2. I once heard an analogy of schools being run like businesses (one trademark being merit pay). The person reminded his audience that if he ran a flower shop and a "bad" shipment of roses came in he could just send them back and get more. But we, as educators, cannot "send back" our less-then-beautiful roses. We are expected to use those roses to beautify the bouquet. And we are competing against other schools who had beautiful roses delivered to them. So we may (and often do) make beautiful bouquets and arrangements with our dried-out-wilting-roses that we are very proud of. . .but still we're judged right alongside those schools with all the "advantages". Many times they can "hide" their few less-then-rosy flowers within the bouquet so they are hardly noticed. . .and that is to the detriment of the student, most likely. Good post. . .thank you.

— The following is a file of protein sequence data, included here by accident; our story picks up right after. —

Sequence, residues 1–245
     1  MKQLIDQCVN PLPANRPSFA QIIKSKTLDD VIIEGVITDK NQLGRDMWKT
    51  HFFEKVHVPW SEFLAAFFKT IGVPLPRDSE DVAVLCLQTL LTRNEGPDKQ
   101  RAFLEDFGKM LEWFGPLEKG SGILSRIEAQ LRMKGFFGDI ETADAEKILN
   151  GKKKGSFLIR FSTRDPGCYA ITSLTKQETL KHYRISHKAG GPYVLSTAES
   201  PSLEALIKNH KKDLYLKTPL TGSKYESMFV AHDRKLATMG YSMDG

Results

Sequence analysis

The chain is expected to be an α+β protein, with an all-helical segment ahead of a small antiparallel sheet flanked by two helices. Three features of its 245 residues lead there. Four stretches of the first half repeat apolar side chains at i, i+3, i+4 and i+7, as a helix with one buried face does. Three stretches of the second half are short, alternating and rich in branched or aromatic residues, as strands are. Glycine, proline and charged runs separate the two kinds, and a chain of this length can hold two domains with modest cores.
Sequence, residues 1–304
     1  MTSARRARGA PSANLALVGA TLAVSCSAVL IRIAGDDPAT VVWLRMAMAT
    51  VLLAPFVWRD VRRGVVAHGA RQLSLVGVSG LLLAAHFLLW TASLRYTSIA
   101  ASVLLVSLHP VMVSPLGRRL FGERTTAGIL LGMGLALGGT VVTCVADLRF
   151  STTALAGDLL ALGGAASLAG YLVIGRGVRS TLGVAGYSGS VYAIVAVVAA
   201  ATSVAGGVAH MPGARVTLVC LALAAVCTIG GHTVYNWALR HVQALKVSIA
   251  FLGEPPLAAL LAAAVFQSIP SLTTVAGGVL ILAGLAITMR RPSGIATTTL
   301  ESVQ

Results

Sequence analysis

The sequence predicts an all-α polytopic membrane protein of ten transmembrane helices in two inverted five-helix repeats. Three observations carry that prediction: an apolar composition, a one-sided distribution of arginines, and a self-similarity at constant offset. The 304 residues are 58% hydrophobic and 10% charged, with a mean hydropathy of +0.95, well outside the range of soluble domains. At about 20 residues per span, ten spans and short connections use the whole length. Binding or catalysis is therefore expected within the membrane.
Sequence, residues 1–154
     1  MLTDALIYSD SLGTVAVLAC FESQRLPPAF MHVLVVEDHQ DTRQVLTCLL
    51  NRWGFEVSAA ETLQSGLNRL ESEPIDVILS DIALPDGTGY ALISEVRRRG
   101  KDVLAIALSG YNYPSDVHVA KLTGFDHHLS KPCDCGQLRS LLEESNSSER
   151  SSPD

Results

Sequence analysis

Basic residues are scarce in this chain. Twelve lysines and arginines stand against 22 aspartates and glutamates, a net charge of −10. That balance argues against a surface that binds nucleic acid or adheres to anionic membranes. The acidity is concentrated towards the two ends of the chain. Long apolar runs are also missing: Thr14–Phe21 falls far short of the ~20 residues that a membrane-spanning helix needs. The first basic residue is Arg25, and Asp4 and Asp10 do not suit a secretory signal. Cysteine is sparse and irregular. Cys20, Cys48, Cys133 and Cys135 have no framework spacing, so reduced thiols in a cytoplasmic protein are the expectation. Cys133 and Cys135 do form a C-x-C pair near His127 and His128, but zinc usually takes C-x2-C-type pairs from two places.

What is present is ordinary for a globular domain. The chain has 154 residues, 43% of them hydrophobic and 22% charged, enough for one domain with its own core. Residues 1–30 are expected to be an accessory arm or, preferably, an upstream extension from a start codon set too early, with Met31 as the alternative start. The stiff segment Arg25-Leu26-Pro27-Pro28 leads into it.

1. I shared this analogy with a bunch of coworkers at happy hour last night, and everyone agreed that it's perfect! Our roses are definitely not the best in the bunch. We can love them, care for them, arrange them to hide their flaws, but we will never be able to "sell" our bouquets for the same price as the others. And what's worse? Our roses KNOW this. And many wilt faster because of this knowledge.